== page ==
There is no room in His Kingdom for the politics of man and all the fleshly manipulation and abuse of power of position that inevitably accompanies it. Instead, those who will inherit the earth will be broken people, meek people, people who can be trusted to inherit the earth without ruining it. This is an altogether different kind of government, the likes of which we have never seen.
4. INSATIABLE DESIRE FOR THE UNIVERSAL RULE OF CHRIST
“Blessed are those who hunger and thirst for righteousness, for they shall be filled” (Matthew 5:6).
To hunger and thirst for righteousness is to have an insatiable desire and drive to see this Kingdom established, and to see Jesus having the manifest preeminence over all things. There is only one way for this hunger and thirst for righteousness to be quenched, and that is for Christ to rule and reign over the earth, for “a scepter of righteousness is the scepter of Your Kingdom” (Hebrews 1:8). The idea of the Kingdom being inescapably linked to righteousness is introduced later by Jesus, Who says we are to “seek first the Kingdom of God and His Righteousness” (Matthew 6:33). Only those who are hungry and thirsty for it will seek it.
To hunger and thirst for righteousness it is to look forward to the promise of new heavens and a new earth (cf. II Peter 3:13): to long for it, to desire it, to pine for it, to seek it, to prepare for it and to keep praying for it until it arrives. It implies that we are not content with things just the way they are, and we are not satisfied to just let things go along as they always have. We hate sin, we hate the affects of sin upon this earth, and we mourn the consequences of man’s inhumanity to man and rebellion towards God; but we have hope for a better day, a better life, a better world where Righteousness Himself is living among us. Until such time, we are hungry and thirsty for more of what we have only just begun to taste.
5. DEMONSTRATING THE MERCY OF GOD: FORGIVENESS
“Blessed are the merciful, for they shall obtain mercy” (Matthew 5:7).
God is “rich in mercy” (Ephesians 2:4). Entry into His Kingdom is established upon the principles of grace, mercy, and forgiveness. To live in His Kingdom is to experience the grace, mercy, and forgiveness of God on a daily basis.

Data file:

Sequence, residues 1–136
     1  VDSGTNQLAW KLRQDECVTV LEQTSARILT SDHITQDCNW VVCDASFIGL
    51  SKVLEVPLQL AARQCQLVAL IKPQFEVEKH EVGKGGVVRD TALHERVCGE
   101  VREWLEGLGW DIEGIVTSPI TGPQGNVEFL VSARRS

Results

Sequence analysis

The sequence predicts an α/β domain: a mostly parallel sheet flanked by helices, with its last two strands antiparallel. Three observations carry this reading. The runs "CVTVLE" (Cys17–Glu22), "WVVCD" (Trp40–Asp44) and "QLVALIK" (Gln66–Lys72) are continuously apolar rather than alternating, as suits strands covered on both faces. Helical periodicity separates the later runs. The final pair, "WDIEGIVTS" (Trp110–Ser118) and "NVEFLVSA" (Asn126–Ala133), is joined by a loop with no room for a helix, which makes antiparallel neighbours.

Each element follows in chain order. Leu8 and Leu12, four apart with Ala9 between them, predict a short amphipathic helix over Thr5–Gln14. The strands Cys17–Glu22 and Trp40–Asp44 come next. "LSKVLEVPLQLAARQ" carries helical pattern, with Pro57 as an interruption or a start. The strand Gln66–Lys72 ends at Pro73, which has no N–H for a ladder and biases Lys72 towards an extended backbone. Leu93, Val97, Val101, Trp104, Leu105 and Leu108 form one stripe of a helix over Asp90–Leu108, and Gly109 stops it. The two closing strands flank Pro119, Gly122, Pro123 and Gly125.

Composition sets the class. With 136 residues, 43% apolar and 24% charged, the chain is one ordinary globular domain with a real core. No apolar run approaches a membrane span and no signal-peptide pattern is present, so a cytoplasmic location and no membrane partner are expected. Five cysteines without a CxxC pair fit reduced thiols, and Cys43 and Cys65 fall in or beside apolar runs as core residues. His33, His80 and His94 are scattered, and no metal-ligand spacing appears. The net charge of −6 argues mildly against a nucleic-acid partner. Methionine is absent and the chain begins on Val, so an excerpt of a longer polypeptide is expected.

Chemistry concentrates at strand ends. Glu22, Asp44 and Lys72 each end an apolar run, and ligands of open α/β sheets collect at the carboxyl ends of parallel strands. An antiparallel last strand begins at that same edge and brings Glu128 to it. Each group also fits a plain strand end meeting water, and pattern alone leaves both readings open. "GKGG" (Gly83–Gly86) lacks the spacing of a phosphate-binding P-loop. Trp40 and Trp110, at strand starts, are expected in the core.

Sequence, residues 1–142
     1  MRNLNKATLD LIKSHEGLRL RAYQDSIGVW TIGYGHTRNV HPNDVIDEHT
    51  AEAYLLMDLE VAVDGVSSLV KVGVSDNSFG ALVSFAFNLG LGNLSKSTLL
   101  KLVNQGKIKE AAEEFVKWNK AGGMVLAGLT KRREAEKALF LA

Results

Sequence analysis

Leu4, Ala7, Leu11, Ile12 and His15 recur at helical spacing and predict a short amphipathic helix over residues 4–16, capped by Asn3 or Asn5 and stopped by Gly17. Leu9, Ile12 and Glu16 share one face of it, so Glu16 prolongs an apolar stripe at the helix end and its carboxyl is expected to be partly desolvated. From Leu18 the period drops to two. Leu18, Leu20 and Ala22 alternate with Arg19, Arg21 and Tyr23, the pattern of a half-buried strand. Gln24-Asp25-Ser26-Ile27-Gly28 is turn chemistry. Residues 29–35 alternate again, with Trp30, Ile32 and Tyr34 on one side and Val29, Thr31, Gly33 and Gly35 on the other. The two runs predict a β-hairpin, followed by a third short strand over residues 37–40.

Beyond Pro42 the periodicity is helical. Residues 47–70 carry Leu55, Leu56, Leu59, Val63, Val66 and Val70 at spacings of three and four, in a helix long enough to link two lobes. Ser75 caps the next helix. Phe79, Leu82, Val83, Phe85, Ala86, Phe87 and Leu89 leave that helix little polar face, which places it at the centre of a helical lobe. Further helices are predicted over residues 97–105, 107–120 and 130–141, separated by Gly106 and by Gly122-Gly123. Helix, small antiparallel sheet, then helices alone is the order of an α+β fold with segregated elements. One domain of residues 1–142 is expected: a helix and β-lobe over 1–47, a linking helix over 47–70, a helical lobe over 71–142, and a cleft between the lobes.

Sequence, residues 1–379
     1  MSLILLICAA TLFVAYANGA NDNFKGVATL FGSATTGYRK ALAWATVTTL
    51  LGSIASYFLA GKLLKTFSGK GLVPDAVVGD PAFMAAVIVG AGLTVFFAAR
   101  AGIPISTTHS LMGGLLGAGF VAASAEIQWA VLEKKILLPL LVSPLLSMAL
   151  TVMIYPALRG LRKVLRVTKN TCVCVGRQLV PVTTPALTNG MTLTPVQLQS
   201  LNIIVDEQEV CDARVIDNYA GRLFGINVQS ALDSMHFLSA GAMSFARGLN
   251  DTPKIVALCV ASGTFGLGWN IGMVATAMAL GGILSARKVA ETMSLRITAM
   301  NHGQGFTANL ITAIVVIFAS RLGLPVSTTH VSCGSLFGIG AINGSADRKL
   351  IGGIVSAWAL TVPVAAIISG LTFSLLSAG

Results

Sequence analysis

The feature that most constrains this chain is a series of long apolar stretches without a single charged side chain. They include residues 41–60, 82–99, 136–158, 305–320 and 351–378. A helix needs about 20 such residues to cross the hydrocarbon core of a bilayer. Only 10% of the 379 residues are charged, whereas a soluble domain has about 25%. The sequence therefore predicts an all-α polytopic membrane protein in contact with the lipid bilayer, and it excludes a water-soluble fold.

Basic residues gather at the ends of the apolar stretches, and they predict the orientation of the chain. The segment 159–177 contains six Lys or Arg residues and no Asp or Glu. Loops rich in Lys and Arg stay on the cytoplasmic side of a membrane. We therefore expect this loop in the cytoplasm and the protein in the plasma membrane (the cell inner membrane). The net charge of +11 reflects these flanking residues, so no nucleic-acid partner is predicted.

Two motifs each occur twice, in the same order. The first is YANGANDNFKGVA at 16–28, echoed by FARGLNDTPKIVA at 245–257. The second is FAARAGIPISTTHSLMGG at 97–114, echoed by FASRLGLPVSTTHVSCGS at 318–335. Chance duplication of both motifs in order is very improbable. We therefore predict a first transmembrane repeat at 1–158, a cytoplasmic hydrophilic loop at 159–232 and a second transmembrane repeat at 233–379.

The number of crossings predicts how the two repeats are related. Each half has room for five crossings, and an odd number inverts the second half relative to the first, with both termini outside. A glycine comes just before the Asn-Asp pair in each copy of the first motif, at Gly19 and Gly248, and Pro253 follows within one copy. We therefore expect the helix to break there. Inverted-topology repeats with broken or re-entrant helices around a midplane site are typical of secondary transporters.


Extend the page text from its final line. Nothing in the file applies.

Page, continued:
The nature of the Kingdom reflects the character of its King. If this is so, how can we claim to be representatives of this Kingdom of Love and refuse to forgive as freely as we have been forgiven? If we have been forgiven by God then we have an obligation to forgive others – not for their sake, not for our sake, but for the sake of the Kingdom. It would be inconceivable to claim to be a king and priest of a Kingdom based on forgiveness of sins and, at the same time, allow unforgiveness and bitterness to remain in our personal life. It will be difficult for people to believe God can forgive them if His own people are unable or unwilling to forgive one another.
A brother who struggled to forgive finally came to the understanding that his actions were not accurately reflecting the Kingdom and the King he claimed to represent. When he came to this knowledge he was able to release those who had hurt him in the past and show them mercy. Experiencing a new freedom and release, he wrote:
|Now I know where the joy of our salvation comes from. It comes from the knowledge that God is not holding my sins against me, and I am not holding anyone else’s sins against them. This is a small taste of what it means to live in a Kingdom where everything is fresh, where His mercies are new each morning.|
According to Vines, “Mercy is the outward manifestation of pity; it assumes need on the part of him who receives it, and resources adequate to meet the need on the part of him who shows it.” Ideally, forgiveness is based on repentance; but whether or not a person repents and asks for forgiveness, they are still in need of mercy (even if they do not deserve it). If nothing else, we can pray that a merciful God will open their eyes and show them their true condition. The question is not whether or not someone deserves mercy, but whether or not they need mercy, and whether or not my spiritual life is rich enough to extend it to them.